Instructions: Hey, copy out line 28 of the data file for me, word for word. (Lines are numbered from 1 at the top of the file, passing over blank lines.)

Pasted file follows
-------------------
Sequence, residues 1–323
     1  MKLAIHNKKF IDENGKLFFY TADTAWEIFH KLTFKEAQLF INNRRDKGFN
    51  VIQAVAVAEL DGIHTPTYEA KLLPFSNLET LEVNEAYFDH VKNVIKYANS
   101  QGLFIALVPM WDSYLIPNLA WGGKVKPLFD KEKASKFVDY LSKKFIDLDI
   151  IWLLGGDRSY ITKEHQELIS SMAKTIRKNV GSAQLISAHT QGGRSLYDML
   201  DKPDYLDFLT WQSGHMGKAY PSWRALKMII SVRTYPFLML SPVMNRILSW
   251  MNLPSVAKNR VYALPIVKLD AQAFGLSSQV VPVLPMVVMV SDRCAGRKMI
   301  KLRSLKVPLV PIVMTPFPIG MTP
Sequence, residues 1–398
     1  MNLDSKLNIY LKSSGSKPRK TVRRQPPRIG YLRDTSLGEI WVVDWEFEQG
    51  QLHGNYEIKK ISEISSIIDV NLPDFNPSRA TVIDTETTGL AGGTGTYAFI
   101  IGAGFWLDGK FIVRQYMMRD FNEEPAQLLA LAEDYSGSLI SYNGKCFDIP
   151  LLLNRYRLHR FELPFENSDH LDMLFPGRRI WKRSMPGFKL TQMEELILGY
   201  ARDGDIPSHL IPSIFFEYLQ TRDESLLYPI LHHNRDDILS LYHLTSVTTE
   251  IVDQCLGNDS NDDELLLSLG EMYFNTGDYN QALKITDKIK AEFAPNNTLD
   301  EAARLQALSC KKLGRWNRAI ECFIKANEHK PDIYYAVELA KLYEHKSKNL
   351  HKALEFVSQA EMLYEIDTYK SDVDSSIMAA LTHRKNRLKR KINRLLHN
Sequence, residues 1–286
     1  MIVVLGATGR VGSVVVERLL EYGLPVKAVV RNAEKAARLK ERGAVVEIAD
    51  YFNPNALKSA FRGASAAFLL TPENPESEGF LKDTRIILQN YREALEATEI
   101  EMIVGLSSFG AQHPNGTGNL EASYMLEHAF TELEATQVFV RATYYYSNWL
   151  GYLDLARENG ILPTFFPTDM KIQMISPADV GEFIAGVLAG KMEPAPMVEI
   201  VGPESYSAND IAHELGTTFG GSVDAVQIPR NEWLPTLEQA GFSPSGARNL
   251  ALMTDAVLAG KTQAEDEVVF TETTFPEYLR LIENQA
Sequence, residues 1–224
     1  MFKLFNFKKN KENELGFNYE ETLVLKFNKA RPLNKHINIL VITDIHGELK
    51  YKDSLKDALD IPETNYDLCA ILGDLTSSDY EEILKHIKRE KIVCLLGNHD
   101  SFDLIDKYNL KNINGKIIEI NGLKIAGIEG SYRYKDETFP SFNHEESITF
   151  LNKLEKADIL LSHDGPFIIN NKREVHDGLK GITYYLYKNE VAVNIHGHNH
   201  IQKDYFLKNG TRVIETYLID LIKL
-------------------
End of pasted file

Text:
   101  SFDLIDKYNL KNINGKIIEI NGLKIAGIEG SYRYKDETFP SFNHEESITF